Lockheed Martin has also gone a step beyond and confirmed that it will be willing to upgrade the F-16s to Block 70 levels, especially catering to the particular needs of India, very much as the Russians did with the Su-30. Moreover, even without this new purchase, India already operates fighters at par with if not superior to the F-16 Block 52 being offered to Pakistan, the MiG-29, Mirage 2000 and Su-30MKI. It does not appear that a few dozen F-16s will change the entire dimension in favor of Pakistan.
Second, although India has constantly denied that it wants to get sapped into an arms race, indulging in one would not necessarily be bad for the long-term interests of the country. After all, one of the reasons the Soviet economy never reached the levels of the US was the massive amount it spent on military hardware. India can do the same - draw Pakistan into an arms race by making some big purchases. Owing to nationalist pressures, Islamabad will be forced to do what it can to match India's rapidly growing capabilities. The defense-spending ratio already stands at 5:1 in favor of India - Pakistan would not feel safe to let it slip further.
Once the Pakistani economy was under pressure owing to this race, India could push for economic concessions, such as a South Asian free-trade area, a policy long torpedoed by Pakistan owing to fears of Indian competition. With less money at its disposal to fund infrastructure projects or invest in the economy to create jobs, Pakistan may have no choice but to sign a trade accord and let Indian companies provide jobs to its economy.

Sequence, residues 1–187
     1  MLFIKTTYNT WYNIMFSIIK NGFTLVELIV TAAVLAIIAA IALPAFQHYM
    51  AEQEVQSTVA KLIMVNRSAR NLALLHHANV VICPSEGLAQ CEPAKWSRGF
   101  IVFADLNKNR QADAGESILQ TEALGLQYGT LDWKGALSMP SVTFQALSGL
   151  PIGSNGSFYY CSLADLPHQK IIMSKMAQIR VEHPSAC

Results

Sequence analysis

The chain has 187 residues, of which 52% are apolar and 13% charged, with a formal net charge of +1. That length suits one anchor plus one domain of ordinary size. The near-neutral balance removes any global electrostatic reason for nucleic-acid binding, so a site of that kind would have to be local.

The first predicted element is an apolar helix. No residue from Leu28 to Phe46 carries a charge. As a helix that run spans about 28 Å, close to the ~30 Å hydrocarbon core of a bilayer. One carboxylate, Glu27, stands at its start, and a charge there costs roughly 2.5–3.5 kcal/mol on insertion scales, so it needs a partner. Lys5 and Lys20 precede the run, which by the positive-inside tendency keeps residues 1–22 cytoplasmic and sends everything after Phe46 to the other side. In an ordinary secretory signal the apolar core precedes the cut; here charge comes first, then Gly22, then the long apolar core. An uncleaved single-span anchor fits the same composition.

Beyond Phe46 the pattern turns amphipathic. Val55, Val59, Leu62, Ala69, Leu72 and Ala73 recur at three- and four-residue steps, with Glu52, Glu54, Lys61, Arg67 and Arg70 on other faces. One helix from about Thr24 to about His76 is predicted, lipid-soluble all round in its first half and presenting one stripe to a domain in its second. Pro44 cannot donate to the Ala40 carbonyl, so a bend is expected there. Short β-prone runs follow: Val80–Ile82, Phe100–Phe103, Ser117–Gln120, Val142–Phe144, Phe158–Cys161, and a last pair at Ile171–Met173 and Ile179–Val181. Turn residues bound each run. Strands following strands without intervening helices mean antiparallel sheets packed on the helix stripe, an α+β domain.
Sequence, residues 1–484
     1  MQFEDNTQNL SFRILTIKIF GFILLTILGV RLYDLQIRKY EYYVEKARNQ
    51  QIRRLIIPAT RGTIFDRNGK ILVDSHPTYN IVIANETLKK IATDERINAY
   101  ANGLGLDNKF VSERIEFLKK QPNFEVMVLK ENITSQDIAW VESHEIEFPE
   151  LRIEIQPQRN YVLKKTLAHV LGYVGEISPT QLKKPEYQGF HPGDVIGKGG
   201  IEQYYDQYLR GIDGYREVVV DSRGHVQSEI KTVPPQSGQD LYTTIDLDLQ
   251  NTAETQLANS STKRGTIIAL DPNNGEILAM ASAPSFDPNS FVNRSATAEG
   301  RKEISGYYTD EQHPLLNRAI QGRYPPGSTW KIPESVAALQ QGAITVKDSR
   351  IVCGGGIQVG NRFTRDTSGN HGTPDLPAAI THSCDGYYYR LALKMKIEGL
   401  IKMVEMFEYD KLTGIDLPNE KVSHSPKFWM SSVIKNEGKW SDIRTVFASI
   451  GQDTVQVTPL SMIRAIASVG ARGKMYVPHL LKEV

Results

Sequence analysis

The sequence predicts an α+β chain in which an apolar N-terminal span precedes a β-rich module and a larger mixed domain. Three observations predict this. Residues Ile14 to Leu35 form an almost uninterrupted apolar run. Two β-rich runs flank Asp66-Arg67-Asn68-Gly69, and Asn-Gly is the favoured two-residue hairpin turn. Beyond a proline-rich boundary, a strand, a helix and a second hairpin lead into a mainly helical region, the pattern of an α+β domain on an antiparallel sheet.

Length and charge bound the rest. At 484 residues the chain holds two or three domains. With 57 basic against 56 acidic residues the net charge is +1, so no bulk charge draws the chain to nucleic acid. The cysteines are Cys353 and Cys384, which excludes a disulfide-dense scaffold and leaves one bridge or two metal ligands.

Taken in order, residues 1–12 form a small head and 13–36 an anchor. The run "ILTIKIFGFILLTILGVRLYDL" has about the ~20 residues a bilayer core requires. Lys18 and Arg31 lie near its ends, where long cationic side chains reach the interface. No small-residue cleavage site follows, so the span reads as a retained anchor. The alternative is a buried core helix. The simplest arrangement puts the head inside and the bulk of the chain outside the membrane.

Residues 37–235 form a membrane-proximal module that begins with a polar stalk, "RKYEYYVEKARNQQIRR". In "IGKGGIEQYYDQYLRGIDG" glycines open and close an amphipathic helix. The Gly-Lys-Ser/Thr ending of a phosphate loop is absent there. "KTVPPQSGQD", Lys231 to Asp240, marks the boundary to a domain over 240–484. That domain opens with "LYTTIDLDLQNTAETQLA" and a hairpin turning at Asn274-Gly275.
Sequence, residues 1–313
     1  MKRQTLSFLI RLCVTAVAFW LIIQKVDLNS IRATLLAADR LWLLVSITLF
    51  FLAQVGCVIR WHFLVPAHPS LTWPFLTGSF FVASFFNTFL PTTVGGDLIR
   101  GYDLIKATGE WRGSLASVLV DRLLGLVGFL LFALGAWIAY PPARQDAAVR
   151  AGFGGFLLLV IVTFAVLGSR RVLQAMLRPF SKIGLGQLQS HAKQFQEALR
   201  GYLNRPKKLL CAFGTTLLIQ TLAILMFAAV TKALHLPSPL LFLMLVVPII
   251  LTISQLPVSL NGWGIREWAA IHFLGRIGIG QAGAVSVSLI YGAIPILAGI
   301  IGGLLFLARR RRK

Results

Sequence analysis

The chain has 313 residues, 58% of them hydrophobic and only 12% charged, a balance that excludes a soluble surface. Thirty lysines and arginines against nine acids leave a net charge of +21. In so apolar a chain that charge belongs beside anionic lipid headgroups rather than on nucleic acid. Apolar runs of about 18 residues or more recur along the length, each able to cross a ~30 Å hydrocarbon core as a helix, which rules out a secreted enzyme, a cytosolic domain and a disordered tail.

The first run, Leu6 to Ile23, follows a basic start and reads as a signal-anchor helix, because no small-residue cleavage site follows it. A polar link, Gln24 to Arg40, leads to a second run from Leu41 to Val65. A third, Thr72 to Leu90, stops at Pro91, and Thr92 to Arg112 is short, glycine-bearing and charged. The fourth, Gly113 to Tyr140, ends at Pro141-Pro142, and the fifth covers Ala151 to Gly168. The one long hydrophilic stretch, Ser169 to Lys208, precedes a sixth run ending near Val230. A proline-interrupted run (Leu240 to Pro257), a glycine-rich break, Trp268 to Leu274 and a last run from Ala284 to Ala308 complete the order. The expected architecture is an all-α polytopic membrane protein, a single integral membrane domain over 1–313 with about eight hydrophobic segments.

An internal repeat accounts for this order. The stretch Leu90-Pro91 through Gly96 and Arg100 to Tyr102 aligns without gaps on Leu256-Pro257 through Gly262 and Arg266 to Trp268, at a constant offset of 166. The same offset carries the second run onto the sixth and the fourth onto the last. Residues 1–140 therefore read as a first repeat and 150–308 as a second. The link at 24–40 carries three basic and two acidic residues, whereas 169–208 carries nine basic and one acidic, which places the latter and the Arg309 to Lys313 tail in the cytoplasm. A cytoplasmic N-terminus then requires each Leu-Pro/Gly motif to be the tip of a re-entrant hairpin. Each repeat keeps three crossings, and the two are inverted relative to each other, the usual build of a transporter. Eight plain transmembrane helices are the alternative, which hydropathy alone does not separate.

Third, India should remember that "friends are not permanent, interests are". Pakistan has been favored by the US for the past half a century or so for valid strategic reasons. During the Cold War, it acted as a deterrent to a pro-Soviet India. During the Afghan war, it helped the US and the mujahideen throw the Russians out of the country. After September 11, 2001, President General Pervez Musharraf went out of his way to help in the "war on terror". Even after being exposed to life-threatening attacks by extremists in his country, he has cooperated with the coalition forces in whatever way he can. It is still not clear whether India definitely wants to join the US camp - so why shouldn't the US have an "insurance" partner in Pakistan in the region? It makes sense to the strategists at the Pentagon.